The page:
- Soaring prices, shortages of essential goods and crippling external debts have sparked widespread protests across the country in recent years.
- In 2022, enraged demonstrators even stormed the residence of the then president, Gotabaya Rajapaksa, forcing him to flee the country and resign.
- Five elections will take place in South Asian countries this year, and most will likely return incumbent parties to power.
- Wickremesinghe, who has already been Sri Lankan prime minister five times, is widely tipped to run for presidency.
- But he faces vast criticism on the grounds that he came to power without being elected by the people.
- He won a parliamentary vote to replace Rajapaksa but has no popular mandate.
- More than 17% of Sri Lankans are suffering from food insecurity and are in need of humanitarian assistance.
How not to hold elections
- Local government elections were initially scheduled for March 9 2023, but they were repeatedly postponed due to a shortage of funds.
- Shortly afterwards, the election commission postponed the elections indefinitely, defying a Supreme Court order.
- So, when the announcement that elections would be held was finally made, it was unsurprisingly received with apprehension by the electorate.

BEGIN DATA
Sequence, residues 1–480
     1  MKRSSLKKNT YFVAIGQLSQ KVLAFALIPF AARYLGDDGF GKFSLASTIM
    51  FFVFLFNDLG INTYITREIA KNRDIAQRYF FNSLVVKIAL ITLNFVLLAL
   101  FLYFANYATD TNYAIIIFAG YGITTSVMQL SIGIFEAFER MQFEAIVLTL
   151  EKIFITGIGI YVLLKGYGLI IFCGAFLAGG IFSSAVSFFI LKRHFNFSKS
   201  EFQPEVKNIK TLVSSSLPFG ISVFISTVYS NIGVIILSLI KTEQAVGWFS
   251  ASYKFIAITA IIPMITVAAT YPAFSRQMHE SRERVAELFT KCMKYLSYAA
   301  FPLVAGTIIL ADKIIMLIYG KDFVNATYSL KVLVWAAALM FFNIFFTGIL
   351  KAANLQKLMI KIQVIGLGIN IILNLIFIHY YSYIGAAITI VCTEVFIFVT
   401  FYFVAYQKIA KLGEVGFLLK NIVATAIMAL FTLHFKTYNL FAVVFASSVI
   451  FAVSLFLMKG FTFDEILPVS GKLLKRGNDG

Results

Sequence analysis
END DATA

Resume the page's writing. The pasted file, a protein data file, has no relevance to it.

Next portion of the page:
- Created to provide protection against online harassment, abuse and fraud, this highly repressive law could threaten the right to freedom of expression that is crucial for free and fair elections.
The elusive winds of change
- So who are Wickremesinghe and his allies afraid of?
- Informal surveys reveal the rising popularity of Anura Kumara Dissanayake, the leader of the leftist National People’s Power alliance.
- Wickremesinghe originally claimed that elections would be held when Sri Lanka had achieved greater stability.
Thiruni Kelegama does not work for, consult, own shares in or receive funding from any company or organisation that would benefit from this article, and has disclosed no relevant affiliations beyond their academic appointment.